ICT has much to do with the security of physical assets (protecting equipment against malfunctions, malicious or irresponsible actions, warning of possible failure or of the necessity for preventative maintenance, etc.) and of processes.
OT and ICT intersect in IIoT.
Rather than mentioning IoT in general, one should speak of the internet of everything with connections between people, process, data and things. Connectivity is inseparable from material “things” and from the rest. Connectivity includes transport, network, data link protocols and technologies, wireless (e.g. Bluetooth, ZigBee, radio-frequency identification (RFID), etc.) and physical infrastructure (cables, routers, etc.).
It is essential to differentiate between critical and non-critical systems and infrastructure. One could argue that consumer IoT systems and devices are critical only at an individual or small-scale level. Cyber attacks against them are serious for those directly concerned, but not vital to a larger population. If malicious actions target home thermostats or automated blinds, this can be annoying for users. In the worst case scenario, these attacks may open hidden gateways (e.g. door locks), but they do not bring down entire systems, which would affect a country’s ability to function normally: the so-called critical infrastructure.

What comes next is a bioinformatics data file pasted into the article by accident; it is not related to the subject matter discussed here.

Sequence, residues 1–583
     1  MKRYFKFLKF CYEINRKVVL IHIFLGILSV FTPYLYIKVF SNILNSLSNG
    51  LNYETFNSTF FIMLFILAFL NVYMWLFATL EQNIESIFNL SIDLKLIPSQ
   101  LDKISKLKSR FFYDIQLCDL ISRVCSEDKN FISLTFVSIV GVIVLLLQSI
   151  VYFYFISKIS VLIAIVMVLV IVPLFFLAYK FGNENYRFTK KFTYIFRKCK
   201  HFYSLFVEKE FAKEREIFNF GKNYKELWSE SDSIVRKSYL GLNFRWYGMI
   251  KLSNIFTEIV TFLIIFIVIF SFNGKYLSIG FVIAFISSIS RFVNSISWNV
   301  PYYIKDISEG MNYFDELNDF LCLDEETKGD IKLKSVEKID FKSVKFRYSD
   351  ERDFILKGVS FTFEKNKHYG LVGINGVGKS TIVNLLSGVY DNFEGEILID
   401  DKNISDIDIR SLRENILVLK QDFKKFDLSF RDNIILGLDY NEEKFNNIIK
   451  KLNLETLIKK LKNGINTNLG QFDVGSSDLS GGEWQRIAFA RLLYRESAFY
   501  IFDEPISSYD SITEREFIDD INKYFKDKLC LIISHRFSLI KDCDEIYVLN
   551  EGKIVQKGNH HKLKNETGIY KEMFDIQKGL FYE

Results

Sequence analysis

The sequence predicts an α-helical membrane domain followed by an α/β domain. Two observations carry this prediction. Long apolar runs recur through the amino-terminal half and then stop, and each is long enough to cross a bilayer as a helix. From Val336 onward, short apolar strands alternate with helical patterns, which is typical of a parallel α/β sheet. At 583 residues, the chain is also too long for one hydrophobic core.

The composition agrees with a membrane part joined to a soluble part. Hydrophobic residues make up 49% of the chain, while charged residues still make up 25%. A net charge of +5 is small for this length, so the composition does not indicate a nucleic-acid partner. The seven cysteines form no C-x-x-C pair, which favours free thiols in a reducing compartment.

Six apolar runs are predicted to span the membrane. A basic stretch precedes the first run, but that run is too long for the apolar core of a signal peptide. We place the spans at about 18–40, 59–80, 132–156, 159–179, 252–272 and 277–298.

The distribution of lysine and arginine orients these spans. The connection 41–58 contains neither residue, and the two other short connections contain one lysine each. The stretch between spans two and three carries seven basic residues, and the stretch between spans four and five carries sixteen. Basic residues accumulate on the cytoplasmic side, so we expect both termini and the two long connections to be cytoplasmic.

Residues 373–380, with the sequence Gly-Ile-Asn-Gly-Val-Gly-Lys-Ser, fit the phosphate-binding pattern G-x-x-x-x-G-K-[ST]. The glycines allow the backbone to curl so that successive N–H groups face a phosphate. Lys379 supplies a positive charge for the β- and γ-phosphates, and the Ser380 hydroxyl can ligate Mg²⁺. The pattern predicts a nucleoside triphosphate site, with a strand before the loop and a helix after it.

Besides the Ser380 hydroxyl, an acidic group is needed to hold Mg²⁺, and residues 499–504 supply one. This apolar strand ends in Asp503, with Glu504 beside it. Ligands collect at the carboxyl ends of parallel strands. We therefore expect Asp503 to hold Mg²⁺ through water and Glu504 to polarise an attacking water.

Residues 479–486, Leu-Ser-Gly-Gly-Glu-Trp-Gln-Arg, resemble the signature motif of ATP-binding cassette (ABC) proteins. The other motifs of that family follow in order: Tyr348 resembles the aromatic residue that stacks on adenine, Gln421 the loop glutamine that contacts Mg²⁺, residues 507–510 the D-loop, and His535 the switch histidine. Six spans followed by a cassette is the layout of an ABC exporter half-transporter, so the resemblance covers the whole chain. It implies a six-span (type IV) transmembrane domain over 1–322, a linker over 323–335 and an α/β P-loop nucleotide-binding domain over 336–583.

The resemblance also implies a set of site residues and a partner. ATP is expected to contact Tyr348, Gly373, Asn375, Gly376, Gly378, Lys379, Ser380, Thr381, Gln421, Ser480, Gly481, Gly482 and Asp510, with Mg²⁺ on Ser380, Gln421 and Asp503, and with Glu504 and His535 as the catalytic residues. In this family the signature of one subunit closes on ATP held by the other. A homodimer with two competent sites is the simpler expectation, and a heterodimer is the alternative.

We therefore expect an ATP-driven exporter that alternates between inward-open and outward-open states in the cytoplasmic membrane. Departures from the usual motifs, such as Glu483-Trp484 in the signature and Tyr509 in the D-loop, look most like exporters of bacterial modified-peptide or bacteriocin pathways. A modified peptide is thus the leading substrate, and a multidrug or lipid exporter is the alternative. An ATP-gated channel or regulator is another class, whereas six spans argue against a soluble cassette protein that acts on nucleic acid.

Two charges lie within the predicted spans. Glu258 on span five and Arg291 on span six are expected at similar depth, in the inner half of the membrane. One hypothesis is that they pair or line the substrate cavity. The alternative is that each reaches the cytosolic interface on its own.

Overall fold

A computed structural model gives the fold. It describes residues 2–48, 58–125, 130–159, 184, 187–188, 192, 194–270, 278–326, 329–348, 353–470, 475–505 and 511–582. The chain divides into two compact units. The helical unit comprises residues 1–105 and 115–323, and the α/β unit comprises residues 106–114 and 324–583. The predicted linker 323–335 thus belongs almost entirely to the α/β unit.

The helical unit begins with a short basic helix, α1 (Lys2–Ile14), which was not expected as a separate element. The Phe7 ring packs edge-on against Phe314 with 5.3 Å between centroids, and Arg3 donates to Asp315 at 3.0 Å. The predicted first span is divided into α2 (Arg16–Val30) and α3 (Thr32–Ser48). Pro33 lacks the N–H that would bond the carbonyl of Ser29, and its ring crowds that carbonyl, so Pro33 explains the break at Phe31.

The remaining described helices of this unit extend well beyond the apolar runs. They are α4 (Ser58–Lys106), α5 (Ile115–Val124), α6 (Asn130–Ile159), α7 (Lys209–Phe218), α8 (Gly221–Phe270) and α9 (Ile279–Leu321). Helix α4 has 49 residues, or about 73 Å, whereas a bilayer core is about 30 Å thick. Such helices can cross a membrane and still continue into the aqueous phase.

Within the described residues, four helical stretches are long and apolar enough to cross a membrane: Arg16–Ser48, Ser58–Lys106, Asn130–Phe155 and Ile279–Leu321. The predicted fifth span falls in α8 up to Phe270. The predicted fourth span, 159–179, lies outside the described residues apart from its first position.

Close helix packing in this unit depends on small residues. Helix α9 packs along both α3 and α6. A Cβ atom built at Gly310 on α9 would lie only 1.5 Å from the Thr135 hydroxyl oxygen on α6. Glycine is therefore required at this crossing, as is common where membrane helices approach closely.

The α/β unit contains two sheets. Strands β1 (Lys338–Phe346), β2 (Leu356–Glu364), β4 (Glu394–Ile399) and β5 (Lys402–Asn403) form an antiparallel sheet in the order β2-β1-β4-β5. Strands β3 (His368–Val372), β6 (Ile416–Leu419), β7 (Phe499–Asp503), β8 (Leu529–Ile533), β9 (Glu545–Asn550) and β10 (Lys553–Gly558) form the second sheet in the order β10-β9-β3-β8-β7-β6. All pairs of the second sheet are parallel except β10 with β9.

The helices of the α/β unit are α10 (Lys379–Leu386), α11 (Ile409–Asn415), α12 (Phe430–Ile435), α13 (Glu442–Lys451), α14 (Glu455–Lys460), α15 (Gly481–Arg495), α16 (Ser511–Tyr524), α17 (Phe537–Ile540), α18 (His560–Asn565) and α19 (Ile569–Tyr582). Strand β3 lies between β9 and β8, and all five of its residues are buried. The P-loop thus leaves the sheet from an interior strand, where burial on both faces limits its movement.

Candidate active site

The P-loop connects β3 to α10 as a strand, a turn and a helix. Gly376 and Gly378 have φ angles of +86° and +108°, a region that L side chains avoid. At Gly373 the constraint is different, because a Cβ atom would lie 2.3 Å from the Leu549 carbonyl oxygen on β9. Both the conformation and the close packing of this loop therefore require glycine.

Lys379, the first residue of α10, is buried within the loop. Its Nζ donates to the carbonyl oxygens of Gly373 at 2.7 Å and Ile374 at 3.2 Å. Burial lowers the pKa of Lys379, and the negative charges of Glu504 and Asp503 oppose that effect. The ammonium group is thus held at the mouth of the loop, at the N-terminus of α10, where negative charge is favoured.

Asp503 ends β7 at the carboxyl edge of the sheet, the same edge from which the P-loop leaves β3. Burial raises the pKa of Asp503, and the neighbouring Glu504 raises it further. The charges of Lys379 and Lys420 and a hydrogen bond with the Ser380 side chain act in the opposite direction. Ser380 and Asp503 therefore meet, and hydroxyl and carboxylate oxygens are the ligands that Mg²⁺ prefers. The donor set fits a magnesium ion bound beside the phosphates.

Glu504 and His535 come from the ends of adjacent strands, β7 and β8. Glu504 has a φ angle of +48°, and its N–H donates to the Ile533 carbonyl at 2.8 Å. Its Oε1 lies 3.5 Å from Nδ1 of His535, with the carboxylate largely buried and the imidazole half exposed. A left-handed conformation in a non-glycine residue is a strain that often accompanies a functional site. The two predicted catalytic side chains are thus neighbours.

The perception of which areas are considered parts of a country’s critical infrastructure varies from country to country. For the US government, and increasingly for many other governments, "critical infrastructure means systems and assets, whether physical or virtual, so vital (…) that the incapacity or destruction of such systems and assets would have a debilitating impact on security, national economic security, national public health or safety, or any combination of those matters." (Executive Order 13636, 12 Feb 2013)